An appreciation of the life of Graham Enderby

This is the first time an obituary has appeared on our website.

Graham Enderby has tragically died on 20 January aged only 67. He was a remarkable man. Here was an ‘ordinary’ family who have unexpectedly played an important role in fighting for the rights of those who lack capacity. He and Wendy made such a difference.

HL was ‘fostered’ by Wendy and Graham who took this stranger into their own home, a man with a significant learning disability and who had spent most of his life in institutions. He was treated as a member of their family.

HL had been readmitted to hospital and all Wendy and Graham wanted was for him to come home to them. This simple wish, frustrated by the system with no right of challenge, caused them to play a very significant role in the development of human rights and safeguards for those who lack capacity and are deprived of their liberty.

In 1997 they began a challenge that would end up in the European Court of Human Rights. HL was unable to speak up for himself, but in Wendy and Graham he found two formidable champions. Undaunted by the loss of their habeas corpus application in the High Court, they won in the Court of Appeal and he was returned to their care, where he has lived happily ever since and recently celebrated his 70th birthday!

Essentially the case turned on whether our then common law ‘doctrine of necessity’ provided adequate safeguards for those who lacked capacity and were deprived of their liberty. It seems bizarre these days that the UK government would try to argue that it did. However the Department of Health appealed and won in the House of Lords, but Wendy and Graham took the case to Strasbourg where they won and the court (HL v United Kingdom (2004)) ruled that adults who lack capacity may only be detained in accordance with a legal procedure and they must have the right to challenge detention, themselves or on their behalf.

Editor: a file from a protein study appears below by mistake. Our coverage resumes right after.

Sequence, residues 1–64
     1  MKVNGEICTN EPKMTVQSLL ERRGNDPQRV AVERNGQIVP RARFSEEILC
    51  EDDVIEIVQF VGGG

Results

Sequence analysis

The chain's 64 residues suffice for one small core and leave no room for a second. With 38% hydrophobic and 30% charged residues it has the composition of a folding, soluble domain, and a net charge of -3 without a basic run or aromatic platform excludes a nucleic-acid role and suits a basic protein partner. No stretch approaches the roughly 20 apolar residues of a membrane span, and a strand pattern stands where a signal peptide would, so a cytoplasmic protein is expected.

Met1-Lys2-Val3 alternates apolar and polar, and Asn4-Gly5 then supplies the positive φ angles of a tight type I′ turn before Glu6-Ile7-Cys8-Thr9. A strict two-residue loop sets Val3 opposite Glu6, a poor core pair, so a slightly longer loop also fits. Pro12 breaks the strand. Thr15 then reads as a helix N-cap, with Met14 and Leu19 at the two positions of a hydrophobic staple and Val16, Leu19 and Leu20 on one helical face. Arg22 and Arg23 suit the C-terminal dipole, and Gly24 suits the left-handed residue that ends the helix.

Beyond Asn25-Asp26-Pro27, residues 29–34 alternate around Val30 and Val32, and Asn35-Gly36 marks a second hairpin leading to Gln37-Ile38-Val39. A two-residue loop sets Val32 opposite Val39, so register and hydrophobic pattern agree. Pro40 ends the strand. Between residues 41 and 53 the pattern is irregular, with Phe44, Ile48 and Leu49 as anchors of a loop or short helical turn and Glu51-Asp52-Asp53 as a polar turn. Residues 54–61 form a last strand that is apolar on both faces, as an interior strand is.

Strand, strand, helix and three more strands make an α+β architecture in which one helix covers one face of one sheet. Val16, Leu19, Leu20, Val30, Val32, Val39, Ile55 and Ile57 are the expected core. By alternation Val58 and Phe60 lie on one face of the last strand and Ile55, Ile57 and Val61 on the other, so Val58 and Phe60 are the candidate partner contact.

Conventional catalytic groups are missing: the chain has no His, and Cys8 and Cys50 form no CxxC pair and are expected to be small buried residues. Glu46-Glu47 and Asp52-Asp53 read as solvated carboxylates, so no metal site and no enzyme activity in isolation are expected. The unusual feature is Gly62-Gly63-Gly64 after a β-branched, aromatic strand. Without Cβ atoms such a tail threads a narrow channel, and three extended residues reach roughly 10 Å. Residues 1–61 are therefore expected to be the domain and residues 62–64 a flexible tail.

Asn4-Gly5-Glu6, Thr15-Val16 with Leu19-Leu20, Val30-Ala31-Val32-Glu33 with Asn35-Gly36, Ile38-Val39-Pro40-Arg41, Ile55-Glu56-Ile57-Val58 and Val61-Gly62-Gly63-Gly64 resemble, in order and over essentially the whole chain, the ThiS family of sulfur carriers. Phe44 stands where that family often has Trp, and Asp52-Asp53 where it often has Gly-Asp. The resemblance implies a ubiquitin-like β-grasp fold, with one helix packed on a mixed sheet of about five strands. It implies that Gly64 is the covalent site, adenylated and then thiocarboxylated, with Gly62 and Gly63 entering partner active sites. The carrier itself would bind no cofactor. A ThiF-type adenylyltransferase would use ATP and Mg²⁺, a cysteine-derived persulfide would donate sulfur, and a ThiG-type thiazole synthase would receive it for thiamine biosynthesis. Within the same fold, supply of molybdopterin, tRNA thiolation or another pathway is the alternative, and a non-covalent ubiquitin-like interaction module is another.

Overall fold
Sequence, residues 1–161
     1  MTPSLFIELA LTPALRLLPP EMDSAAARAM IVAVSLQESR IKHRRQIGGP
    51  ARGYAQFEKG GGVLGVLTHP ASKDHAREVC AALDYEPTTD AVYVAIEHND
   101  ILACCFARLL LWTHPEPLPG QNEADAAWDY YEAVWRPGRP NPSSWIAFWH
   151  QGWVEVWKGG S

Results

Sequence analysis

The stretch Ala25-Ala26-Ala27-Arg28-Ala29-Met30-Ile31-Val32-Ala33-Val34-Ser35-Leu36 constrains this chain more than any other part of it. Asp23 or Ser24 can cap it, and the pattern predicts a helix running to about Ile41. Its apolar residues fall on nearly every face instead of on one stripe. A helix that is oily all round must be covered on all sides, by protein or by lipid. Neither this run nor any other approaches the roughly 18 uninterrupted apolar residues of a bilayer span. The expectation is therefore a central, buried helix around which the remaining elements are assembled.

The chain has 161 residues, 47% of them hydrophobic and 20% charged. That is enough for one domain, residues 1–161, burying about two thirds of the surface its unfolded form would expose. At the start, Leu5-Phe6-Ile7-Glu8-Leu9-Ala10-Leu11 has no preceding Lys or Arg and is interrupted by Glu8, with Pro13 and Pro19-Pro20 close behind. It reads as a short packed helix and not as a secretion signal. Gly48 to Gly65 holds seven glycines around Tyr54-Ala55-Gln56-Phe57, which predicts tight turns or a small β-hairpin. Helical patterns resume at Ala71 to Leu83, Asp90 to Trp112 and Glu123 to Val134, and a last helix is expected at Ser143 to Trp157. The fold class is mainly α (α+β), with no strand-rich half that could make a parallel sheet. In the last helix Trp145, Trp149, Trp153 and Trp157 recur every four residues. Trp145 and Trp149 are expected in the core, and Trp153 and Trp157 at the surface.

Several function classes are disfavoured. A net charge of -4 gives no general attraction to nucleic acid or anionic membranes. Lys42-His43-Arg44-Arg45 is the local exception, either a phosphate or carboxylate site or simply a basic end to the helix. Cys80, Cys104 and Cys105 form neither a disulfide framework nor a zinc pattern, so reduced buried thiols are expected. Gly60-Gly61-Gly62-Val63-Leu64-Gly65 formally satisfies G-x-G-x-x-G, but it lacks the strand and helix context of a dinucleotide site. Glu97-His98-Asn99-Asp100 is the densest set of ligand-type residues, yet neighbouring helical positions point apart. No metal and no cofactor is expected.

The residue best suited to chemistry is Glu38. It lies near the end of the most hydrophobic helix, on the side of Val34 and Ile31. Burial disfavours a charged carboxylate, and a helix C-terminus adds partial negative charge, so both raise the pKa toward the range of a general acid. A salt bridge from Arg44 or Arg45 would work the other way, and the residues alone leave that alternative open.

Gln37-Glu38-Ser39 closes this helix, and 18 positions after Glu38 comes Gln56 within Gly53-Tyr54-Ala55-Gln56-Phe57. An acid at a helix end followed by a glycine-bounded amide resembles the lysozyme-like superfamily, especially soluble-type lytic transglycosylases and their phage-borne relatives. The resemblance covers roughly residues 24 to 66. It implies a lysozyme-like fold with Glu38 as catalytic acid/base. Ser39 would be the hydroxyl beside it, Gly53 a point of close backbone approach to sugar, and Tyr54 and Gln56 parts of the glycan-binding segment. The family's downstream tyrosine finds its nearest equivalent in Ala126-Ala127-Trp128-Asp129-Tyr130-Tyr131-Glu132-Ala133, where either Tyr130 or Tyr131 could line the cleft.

Following this landmark decision, they then busied themselves ensuing that the safeguards introduced to implement this ruling (DoLs) were adequate to give protection for people lacking capacity. Graham, although very disappointed by what the government introduced, was a vivacious and eloquent speaker, and became a leading spokesman for the rights of mentally disabled people and their carers. He was profoundly disappointed by the proposed Liberty Protection Safeguards and his death has removed an effective campaigner.

Various programmes have been made about the Bournewood story, as well as a radio play and follow up, This can be listened to here. I even found myself defending their position in an exciting interview with Jeremy Paxman on Newsnight.

Right to the end of his life he stood shoulder to shoulder with Wendy, tireless champions of the rights of disabled people against overweening professional power. They were a formidable team, in the struggle for disabled peoples’ rights, and lovely friends. Graham will be sorely missed by all of us and our thoughts are with Wendy and their family. HL will miss him.

It was Graham’s wish that if any of you wish to mark his passing you could make a charitable donation to the charity of your choice.